How to save money – 8 simple tricks
You don’t have to make big cutbacks. The trick is taking lots of little actions that all add up to sizeable savings – you’ll be pleasantly surprised by how much it can add up. Just switch to feel rich.
1. Use a budgeting tool
Post Office offers a detailed budgeting tool so you can work out exactly how your finances stack up. Take a look:
2. Shop smarter – plan ahead
We all know this one: write a shopping list and stick to it – you spend less and waste less. But there’s a step further: plan your weekly meals around the supermarket’s offers. Go online, see what deals they’ve got, then write your list. And stick to it.
3. Don’t buy now, buy later (maybe)
So you’ve seen what you want to buy and you’re just about to fork out for it. Stop right there. If you wait – give it at least a week – you’ll know whether it really is a must-have or just an in-the-mood purchase. We’re not always rational when shopping and retailers are experts at persuading us to part with our cash.
Waiting can also mean paying less. If you’ve been browsing online, chances are you’ll see an ad pop up for your coveted item, with a tempting – careful now! – offer.
4. Don’t forget your work perks
Before you sign up to a gym, pay for your travel season ticket, buy a bike, or even a bottle of wine, check your company benefits. Many employers offer all kinds of perks that can save you money. For example, you could save at least 25% on a new bike if your employer is signed up to the Cycle Scheme.
5. Do it yourself
Be more like your grandparents: grow your own, make and mend. It needn’t be an all-consuming hobby; just a pot of herbs on a windowsill can mean a few pounds saved every week. Get a refillable water bottle instead of buying a new one, and pack your own lunches instead of getting a supermarket meal deal.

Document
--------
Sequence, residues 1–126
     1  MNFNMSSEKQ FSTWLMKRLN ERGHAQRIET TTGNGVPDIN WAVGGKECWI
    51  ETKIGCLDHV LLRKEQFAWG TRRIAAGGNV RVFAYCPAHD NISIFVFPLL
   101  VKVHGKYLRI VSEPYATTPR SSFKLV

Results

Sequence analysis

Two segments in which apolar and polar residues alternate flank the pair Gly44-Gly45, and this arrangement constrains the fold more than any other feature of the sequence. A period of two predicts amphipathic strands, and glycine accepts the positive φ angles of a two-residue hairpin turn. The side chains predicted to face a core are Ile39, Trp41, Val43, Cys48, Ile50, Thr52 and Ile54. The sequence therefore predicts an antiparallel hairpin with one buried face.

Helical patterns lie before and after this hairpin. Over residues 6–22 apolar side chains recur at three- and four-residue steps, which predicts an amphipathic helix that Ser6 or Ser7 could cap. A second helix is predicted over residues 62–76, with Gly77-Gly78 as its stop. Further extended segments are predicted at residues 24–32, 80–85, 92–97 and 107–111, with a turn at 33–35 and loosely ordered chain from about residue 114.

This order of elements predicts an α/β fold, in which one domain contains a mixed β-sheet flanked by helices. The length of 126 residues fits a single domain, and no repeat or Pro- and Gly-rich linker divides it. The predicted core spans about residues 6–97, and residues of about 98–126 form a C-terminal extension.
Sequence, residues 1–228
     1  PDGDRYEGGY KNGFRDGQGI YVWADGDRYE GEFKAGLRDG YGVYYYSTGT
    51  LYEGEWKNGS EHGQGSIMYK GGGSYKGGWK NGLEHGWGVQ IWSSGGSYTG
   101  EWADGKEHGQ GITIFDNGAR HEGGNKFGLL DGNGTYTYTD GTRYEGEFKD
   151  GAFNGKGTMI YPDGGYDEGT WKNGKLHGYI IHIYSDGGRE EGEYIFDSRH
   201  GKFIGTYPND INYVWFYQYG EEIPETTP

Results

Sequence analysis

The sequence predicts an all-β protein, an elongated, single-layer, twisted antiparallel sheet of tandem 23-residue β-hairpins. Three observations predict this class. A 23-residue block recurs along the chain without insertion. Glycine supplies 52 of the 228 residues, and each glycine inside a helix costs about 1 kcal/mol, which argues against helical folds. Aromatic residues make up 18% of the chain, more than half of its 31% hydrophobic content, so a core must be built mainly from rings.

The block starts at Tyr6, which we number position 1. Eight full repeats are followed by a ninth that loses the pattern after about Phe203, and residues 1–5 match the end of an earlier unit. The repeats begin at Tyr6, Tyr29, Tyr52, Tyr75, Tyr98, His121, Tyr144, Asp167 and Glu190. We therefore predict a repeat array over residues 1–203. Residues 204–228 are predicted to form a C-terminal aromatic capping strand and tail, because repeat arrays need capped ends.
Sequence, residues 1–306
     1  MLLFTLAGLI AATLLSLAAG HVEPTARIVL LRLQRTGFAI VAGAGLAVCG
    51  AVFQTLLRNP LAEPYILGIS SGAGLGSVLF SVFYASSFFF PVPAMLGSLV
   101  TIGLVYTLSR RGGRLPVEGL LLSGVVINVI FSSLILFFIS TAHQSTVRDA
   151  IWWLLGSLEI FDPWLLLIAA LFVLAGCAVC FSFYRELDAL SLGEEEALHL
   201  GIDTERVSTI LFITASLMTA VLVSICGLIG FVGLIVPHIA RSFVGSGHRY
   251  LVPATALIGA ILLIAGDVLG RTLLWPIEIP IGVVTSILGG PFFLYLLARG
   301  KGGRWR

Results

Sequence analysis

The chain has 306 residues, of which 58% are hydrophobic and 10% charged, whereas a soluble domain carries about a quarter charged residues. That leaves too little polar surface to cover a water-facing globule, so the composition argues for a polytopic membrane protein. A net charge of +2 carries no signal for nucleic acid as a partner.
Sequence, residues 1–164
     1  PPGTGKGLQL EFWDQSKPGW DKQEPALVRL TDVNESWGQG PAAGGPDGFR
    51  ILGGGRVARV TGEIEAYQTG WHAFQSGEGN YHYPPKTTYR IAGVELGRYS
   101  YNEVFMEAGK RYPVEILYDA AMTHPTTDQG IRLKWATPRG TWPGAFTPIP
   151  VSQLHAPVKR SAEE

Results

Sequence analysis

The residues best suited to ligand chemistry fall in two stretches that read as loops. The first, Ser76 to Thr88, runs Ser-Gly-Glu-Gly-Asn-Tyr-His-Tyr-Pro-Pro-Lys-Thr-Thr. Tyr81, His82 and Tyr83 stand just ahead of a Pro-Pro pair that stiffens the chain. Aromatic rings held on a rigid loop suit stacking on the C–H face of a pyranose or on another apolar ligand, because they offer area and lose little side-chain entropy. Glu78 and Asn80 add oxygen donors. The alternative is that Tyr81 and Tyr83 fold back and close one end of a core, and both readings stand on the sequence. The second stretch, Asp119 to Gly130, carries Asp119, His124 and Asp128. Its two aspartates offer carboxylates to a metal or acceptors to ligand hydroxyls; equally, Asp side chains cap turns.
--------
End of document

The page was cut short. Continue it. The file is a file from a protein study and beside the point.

6. Walk another way
Avoid temptation. Find another route to the station, so you don’t pass the bakery, coffee shop or book store that lures you in every time. And if shopping for you is fun, rather than functional, try not to go until you actually need to buy something. (And then give it a week – see tip 3).
7. Spend more sometimes
Cheaper isn’t always best value. Reliability is the most important factor when you buy an appliance. Buy one that’s recommended and comes with a guarantee. And be sure to maintain it properly – if it says clean the filter every month, clean the filter every month. It’ll last longer and cost you less in the long run.
8. Be a better driver
We can’t all afford a new, more fuel-efficient car. But we can all afford to drive more efficiently. There are three things you can do to guzzle less petrol: change your car’s air filter, inflate your tyres to the correct pressure, and keep to the speed limit. All these will save you money on the day-to-day running of your car.